What to Do
- Never shake your baby!
- Try to find out why your baby is crying. Check to see if baby is hungry; needs a diaper change; is too warm/cold, tired, scared, hurt, lonely, bored, etc.
- If you do not know why your baby is crying, then you may want to try different things to soothe your baby.
- No one method works every time. Use the method that works best for your baby.
You Can Try:
- Feeding your baby slowly in an upright position and burping your baby at least once during and after the feeding.
- Not letting your baby go hungry, but not overfeeding.
- Offering a pacifier or a clean finger to suck on.
- Cuddling, swaddling or carrying your baby in your arms.
- Rocking your baby in your arms, cradle or infant swing.
- Pushing your baby in a stroller or carriage.
- Taking your baby for a ride in the car using a car seat.
- Talking, singing or humming softly to your baby.
- Wrapping your baby in a blanket.
- Laying your baby on a warm blanket.
- Giving your baby a warm bath.
- When your baby is awake, laying your baby on his or her tummy and patting/rubbing baby’s back.
- Massaging your baby. (Check for infant massage classes in your area.)
- Laying your baby down on his or her back for a nap.
- Darkening your baby’s room at naptime.
- Allowing your baby time alone to settle and go to sleep.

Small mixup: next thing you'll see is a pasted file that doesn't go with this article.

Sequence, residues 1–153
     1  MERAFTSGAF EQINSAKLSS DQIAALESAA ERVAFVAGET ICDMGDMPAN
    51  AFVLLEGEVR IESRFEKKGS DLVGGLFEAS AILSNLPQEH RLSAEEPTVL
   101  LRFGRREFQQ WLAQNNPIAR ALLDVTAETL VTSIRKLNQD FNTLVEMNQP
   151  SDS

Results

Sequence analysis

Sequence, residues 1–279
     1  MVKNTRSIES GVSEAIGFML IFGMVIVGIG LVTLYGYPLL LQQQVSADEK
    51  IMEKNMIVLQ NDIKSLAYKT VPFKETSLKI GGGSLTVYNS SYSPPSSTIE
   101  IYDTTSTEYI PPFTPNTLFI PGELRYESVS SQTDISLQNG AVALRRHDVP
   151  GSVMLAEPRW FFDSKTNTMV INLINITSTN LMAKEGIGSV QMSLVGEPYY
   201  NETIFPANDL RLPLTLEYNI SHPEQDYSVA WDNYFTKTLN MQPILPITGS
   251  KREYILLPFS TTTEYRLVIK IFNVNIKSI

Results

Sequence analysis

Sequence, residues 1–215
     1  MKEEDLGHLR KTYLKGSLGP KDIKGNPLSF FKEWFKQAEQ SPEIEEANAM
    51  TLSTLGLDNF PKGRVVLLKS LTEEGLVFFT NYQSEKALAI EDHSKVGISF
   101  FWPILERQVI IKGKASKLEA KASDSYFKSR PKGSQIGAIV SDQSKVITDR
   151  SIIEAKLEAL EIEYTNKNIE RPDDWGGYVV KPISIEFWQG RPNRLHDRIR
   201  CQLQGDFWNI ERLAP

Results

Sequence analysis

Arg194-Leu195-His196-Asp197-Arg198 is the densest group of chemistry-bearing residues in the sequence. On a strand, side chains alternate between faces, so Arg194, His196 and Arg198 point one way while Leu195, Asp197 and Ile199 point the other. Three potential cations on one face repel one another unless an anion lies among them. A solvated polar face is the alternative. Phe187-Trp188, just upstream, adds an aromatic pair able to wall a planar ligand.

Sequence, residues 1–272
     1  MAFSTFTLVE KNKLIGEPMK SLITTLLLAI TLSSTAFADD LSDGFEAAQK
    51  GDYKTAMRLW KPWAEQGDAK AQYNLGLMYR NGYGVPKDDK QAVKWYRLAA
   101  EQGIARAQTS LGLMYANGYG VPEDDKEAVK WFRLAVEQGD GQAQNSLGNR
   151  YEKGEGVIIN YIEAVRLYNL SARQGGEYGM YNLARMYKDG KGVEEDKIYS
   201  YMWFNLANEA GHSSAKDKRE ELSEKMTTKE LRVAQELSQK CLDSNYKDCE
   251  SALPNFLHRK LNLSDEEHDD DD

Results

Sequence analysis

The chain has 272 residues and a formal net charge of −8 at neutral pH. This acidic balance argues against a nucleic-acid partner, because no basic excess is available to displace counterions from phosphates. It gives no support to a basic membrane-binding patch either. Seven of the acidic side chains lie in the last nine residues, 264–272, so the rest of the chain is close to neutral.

- Keeping the noise level and stimulation down if baby is upset.
- Taking care of yourself and resting.
- Taking naps when the baby is napping.
- Trying to relax so your baby does not feel your stress.
- Calling a friend or relative for support.
- Giving yourself a break and having someone else watch your baby.
- Talking with your health care provider
- Changing formula may be necessary. Check with your health care provider.
When to Call Your Health Care Provider
- Your baby’s cry becomes a painful cry rather than a fussy cry.
- If baby cries constantly for more than two hours.
- If your baby vomits more than three times in 12 hours.
- If your baby shows signs of dehydration:
- Four or fewer wet diapers in 24 hours
- Dry mouth
- Sunken eyes
- Sunken soft spot on head (fontanel)
- Extreme irritability
- Listlessness (decreased activity)
- Possibly no tears
- If your baby has diarrhea or loose stools:
- More than one per hour
- Blood in stool
- Signs of dehydration
- If your baby has a fever.
- Axillary [armpit] 98.6° F (37.0° C) or higher
- Rectally 100.4° F (38.0° C) or higher
- If you are afraid you might hurt your baby.
- If you can’t find a way to soothe your baby.
- If you or someone else has shaken your baby.
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